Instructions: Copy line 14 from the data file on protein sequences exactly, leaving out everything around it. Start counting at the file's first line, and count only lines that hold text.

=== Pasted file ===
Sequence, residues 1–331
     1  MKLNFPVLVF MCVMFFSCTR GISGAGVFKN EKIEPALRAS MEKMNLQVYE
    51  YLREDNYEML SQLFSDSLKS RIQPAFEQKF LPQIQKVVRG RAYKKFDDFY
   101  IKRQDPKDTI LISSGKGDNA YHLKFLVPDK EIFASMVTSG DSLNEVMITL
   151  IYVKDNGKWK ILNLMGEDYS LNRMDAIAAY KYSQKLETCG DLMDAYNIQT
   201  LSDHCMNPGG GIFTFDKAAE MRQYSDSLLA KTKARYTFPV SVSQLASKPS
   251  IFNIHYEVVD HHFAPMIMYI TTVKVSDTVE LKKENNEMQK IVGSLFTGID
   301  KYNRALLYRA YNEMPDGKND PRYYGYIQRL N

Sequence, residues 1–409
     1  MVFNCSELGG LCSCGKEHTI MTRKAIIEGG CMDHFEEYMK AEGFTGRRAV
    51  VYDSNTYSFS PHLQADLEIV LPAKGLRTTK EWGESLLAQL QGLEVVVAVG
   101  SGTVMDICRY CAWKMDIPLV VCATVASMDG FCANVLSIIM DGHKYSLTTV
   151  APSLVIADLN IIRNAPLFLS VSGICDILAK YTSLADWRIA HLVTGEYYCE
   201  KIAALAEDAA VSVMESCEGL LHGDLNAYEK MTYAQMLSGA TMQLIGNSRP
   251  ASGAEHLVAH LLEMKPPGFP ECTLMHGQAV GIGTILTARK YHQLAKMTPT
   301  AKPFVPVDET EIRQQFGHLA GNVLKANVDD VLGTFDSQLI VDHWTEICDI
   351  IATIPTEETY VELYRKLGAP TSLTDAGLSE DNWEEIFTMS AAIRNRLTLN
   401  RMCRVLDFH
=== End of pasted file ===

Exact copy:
   201  KIAALAEDAA VSVMESCEGL LHGDLNAYEK MTYAQMLSGA TMQLIGNSRP